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9-Misc: Researchers say University of Manitoba (Canada) blocked video on GM crops



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TITLE:  Researchers say University of Manitoba blocked video on GM crops
SOURCE: CP Wire, Canada, by Helen Fallding
        edited and sent by AGNET, Canada
DATE:   12 Sep 2005

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Researchers say University of Manitoba blocked video on GM crops

WINNIPEG -- Stephane McLachlan, an environment professor at the
University of Manitoba, and his PhD student Ian Mauro, were cited as
accusing the university of blocking the release of their video exploring
the risks of genetically modified crops while at the same time courting
funds from biotech companies.

The story explains that the two completed a feature-length documentary in
2002 with help from independent Winnipeg filmmaker Jim Sanders, and is
based on interviews with Prairie farmers about their experiences -- good
and bad -- with genetically modified canola.

But the Seeds of Change video has never been screened because the
university and the researchers, who share the copyright, have been unable
to negotiate an agreement on its release.

The story explains that the university originally demanded assurances it
would not be liable if anyone sued. One insurer demanded a $50,000
deductible for any lawsuits by crop marketer Monsanto, which has a
reputation for protecting its interests vigorously through the courts.

The company is featured in the documentary because of its legal battle
with a Saskatchewan farmer and its development of genetically modified
wheat. Monsanto Canada spokeswoman Trish Jordan was quoted as saying,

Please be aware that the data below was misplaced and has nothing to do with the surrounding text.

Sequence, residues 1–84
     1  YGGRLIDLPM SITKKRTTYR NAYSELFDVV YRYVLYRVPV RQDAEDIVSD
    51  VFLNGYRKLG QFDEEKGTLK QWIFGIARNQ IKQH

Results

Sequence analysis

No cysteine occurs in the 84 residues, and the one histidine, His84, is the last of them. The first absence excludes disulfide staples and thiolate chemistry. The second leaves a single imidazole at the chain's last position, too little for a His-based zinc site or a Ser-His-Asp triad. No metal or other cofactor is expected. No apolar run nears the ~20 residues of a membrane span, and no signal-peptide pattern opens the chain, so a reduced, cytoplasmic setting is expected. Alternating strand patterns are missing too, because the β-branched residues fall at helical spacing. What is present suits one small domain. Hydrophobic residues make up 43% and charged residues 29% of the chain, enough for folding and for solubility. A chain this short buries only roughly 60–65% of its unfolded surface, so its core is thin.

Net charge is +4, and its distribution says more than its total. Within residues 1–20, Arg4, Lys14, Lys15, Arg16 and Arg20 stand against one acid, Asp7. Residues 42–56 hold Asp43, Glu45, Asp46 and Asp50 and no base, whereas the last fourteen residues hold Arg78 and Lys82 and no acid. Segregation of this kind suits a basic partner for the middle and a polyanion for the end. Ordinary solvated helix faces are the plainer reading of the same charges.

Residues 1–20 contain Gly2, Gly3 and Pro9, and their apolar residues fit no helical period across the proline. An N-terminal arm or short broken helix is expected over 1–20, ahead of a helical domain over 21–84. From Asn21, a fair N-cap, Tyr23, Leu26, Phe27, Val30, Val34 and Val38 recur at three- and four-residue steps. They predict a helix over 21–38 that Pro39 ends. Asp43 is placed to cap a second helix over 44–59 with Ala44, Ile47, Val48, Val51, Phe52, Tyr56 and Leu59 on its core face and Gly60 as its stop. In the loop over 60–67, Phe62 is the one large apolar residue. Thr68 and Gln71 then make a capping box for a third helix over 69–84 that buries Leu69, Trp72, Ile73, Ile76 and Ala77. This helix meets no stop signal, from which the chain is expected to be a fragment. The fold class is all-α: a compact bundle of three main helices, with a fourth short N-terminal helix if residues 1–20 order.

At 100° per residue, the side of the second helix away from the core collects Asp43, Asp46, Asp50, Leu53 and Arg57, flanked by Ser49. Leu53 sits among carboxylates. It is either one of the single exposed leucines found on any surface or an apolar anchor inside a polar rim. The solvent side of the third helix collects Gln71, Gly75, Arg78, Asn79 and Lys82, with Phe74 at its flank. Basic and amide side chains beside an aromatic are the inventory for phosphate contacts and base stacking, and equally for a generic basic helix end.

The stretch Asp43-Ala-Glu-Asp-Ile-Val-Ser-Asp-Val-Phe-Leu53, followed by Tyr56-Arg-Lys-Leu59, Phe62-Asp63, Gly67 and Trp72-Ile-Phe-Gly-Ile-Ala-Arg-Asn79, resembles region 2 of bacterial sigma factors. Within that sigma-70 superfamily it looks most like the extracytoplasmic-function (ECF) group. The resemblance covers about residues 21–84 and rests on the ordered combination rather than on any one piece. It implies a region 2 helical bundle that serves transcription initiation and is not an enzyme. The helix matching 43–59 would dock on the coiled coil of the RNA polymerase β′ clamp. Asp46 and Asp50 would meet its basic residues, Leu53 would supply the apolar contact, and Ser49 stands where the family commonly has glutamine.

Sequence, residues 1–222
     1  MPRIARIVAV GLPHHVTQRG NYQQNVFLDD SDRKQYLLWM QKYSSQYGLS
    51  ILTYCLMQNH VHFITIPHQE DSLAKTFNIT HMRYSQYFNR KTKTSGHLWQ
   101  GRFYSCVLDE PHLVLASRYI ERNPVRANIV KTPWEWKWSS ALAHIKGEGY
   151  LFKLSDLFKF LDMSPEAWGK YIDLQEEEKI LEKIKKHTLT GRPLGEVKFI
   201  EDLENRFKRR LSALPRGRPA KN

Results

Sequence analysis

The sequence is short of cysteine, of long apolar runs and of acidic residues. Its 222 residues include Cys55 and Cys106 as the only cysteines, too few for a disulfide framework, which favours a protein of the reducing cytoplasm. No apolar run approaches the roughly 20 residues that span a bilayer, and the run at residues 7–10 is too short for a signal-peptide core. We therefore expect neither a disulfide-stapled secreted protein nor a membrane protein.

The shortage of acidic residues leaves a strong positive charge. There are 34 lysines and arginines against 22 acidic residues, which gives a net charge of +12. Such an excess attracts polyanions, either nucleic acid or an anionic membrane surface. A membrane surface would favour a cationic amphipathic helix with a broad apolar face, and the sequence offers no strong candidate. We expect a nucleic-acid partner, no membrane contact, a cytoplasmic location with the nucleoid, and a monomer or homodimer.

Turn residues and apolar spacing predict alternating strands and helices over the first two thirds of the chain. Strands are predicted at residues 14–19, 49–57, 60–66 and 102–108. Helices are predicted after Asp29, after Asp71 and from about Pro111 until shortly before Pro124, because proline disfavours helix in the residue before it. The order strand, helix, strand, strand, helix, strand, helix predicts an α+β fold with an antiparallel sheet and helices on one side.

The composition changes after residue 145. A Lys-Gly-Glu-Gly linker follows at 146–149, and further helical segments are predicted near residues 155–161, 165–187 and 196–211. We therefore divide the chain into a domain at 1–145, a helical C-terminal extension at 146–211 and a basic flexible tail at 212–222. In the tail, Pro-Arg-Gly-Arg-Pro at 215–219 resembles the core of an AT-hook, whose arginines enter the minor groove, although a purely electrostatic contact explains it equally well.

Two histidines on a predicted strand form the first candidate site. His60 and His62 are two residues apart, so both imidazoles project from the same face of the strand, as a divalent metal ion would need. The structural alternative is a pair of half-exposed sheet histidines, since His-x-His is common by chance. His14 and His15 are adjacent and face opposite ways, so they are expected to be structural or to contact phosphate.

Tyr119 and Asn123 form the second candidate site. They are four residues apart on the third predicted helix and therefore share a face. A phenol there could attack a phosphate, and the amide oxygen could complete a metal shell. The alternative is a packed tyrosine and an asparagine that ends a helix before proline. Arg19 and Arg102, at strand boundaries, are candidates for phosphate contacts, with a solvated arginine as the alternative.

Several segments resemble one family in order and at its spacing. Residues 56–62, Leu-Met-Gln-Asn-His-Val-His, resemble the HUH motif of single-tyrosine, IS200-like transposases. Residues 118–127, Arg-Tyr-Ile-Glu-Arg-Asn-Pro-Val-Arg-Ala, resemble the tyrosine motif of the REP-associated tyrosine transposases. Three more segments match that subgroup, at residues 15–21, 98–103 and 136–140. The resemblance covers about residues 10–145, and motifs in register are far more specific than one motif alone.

"Obviously, we've never seen (the video), so I'm not sure how these guys
could assume that we would sue them."

Now that a private investor has pulled out of the Seeds of Change project
and the filmmakers have made it clear they don't intend to make a profit,
the lawsuit issue has apparently been dropped by the university.

Alan Simms, who represented the university in early negotiations before
going on to head the university's Smartpark research complex, was quoted
as saying, "I've seen (the video) and I think it's fair. It's not a
biased kind of thing."

But McLachlan said the university is still demanding control over where
and when the video is shown, while at the same time requiring a
disclaimer indicating the project has nothing to do with the university.

University spokesman John Danakas would not say what restrictions the
university would place on how the video is screened, because those
details have not yet been discussed with the researchers.

The university wants to make sure the documentary is only used for
educational purposes, he said.


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